A One-Man Wrecking Crew
Georgia Brodnax made his mark as a receiver and a defensive end
The first time I saw George Hamilton Brodnax III play a football game, he was a 175-pound end for the old Atlanta Boys’ High School. He was running across the pitcher’s mound at Atlanta’s Ponce de Leon Park, site of all the Tech High and Boys’ High home games. With outstretched hands, his body leaning forward at a 45-degree angle, he raced over the mound, pulled in the ball with his fingertips and carried it across the goal line to bring his team back from almost certain defeat to a 13-13-tie with arch-rival Tech High.
The 20,000 fans who saw that catch never will forget it. Brodnax should have stumbled over the pitcher’s mound and landed on his face but he maintained his balance and composure, to the disbelief of 11 Tech High Smithies and an overflow crowd perched everywhere from the grandstands to the outfield signboards to the top of the freight train cars parked on the track behind the right-field fence.
The catch was a harbinger of things to come. At Georgia Tech Brodnax was lauded not only for his pass receiving but his defensive end play as well. In the 1947 Tech-Duke game, Brodnax dove into midair and, with his body parallel to the ground, snagged a mud-covered ball over the goal line. It was the only touchdown of the game. Four weeks later, at Grant Field, Brodnax caught a 17-yard touchdown pass to give legendary coach Bobby Dodd his first victory over Georgia.
In 1948 Brodnax’s defensive play against Duke eliminated the Blue Devils from the nationally ranked unbeaten list. Furman Bisher, who covered the game for The Atlanta Constitution, says, “Brodnax was a one-man wrecking crew. He made tackles all over the field, completely dissolving Duke’s running game.”
Another coaching legend, Wallace Butts of the University of Georgia, who was a member of the old Collier’s All-America team selection committee and had looked at films of the great college ends in the country, was quoted in Collier’s as saying, “Everything an end has to do, offensively and defensively, Brodnax can do better than any other end I saw. He is a great blocker and maybe the finest pass receiver I have ever seen.”
In his three years (1946-1948) as a starter for Tech, the Jackets posted a 26-6 won-lost record and went to two Bowl games.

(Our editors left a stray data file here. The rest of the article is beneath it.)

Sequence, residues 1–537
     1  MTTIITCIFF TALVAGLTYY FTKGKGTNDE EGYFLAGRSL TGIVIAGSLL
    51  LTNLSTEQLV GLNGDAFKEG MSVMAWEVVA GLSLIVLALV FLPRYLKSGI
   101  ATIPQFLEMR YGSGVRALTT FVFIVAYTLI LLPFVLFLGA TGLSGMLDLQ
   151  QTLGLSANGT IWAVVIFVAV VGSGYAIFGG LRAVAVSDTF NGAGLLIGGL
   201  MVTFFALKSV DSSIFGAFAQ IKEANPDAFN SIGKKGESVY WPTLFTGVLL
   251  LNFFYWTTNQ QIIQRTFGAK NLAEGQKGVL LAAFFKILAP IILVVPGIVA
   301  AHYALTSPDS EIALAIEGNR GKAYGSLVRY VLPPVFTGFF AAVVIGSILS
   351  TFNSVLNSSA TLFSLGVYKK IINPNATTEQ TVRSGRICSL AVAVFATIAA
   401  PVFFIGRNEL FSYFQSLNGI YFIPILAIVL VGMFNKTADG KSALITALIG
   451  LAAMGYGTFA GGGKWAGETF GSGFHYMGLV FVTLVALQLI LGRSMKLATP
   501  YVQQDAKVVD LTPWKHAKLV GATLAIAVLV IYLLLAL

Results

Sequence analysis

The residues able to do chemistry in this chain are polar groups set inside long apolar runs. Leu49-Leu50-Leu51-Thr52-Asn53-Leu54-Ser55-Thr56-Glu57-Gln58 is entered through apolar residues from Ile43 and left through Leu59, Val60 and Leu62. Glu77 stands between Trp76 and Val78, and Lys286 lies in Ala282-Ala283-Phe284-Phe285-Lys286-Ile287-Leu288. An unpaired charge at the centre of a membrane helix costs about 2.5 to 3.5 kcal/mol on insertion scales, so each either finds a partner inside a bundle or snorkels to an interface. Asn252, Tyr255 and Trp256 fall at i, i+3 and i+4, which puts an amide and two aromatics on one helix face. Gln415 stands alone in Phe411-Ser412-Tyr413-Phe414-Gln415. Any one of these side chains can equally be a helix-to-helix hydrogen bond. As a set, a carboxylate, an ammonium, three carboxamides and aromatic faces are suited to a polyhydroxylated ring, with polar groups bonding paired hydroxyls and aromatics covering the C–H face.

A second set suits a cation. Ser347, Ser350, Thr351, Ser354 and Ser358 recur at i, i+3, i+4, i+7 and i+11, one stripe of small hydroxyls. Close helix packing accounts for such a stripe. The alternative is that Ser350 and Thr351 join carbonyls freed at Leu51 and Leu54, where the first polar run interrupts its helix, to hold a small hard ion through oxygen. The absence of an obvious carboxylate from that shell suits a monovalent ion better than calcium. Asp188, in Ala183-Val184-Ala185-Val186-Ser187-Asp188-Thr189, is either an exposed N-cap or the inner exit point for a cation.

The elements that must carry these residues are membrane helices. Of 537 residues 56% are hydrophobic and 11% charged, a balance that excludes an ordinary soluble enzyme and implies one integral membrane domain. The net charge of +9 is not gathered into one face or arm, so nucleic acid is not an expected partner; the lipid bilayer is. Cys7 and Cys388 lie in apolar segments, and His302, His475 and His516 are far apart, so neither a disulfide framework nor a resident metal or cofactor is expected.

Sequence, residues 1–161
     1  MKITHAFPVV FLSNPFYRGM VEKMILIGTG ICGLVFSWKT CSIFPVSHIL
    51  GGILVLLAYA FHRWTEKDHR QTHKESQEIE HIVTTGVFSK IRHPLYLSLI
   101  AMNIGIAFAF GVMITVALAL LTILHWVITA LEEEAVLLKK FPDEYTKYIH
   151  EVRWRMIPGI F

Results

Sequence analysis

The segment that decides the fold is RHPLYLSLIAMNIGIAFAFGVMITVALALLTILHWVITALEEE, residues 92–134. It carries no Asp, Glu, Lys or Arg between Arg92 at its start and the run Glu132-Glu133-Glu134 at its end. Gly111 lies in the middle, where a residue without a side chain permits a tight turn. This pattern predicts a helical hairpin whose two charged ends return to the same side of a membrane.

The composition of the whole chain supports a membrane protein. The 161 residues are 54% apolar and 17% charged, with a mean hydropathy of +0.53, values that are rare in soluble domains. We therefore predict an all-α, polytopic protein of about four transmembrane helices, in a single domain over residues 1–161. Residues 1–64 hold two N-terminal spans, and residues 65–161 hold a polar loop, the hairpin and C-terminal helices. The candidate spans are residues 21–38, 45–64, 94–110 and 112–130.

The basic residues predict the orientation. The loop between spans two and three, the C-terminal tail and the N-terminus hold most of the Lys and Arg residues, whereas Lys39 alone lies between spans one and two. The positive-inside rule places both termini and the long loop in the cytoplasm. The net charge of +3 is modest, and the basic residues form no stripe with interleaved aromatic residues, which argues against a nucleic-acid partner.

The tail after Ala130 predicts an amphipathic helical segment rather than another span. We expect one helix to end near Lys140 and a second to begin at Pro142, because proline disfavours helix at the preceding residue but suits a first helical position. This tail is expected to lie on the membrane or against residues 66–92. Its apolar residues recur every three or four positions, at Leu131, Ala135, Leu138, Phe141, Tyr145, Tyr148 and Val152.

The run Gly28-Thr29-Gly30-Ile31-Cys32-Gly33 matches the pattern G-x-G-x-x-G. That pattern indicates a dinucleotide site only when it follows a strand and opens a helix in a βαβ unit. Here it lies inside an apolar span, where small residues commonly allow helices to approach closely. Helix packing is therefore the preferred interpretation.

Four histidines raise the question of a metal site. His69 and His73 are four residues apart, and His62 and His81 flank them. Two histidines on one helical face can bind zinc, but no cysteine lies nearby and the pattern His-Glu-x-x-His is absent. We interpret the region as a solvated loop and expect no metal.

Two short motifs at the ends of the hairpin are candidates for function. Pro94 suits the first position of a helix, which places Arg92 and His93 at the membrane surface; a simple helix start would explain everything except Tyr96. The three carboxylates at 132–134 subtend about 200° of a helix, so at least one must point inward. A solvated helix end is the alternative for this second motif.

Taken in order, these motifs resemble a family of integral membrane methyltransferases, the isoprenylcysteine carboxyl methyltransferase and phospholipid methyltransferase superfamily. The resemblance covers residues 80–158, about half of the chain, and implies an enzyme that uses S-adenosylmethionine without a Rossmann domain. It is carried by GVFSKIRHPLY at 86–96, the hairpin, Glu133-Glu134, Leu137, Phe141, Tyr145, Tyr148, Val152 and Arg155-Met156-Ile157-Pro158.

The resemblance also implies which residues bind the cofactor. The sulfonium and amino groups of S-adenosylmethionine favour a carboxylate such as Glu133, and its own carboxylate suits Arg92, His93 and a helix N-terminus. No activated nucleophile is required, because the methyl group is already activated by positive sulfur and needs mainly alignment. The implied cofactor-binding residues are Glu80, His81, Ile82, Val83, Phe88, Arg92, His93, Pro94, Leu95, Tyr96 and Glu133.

Brodnax was president of his freshman, sophomore and junior classes, a four-year member of Student Council, president of the ANAK Honor Society, colonel in the Army ROTC, co-captain of the varsity football team and a member of Grantland Rice’s 1948 All-American team.
He served on the board of trustees of the Tech Alumni Associ-ation. He is a life member of the Tech Athletic Association board of trustees and a member of the Tech Athletic Hall of Fame and Georgia Sports Hall of Fame.
When the Atlanta Athletic Club was preparing to host the 1976 U.S. Open and the 1981 PGA Champ-ionship, the man it placed in the top leadership job was George Brodnax. All this, while he was serving on the Emory University Board of Visitors and on the boards of directors of the old First Federal Savings & Loan Association, Georgia Freight Bureau, Community Chest, Travelers Aid Association and Boy Scouts of America, and operating a million-dollar business.
Today, Brodnax is 76 years old and doing well, thank you. He is retired from the company he founded 29 years ago, Tech Steel, a steel fabricating company. He lives with his wife of 54 years, Jo Dale Dewees, in north DeKalb County. The Brodnaxes have five children and 10 grandchildren.
He grew up in Atlanta’s West End, the son of Virginia and George H. Brodnax Jr., a senior vice-president of the Georgia Power Co. He played football, basketball and baseball at old Atlanta Boys’ High School. In football he was All-City, All-State, All-Southern and one of the most sought-after athletes in the South.
Brodnax not only had brain and brawn, he also had glamour. In 1948, he was picked on the third annual All-American “Glamour team.” And he still wears the smile that helped put him there.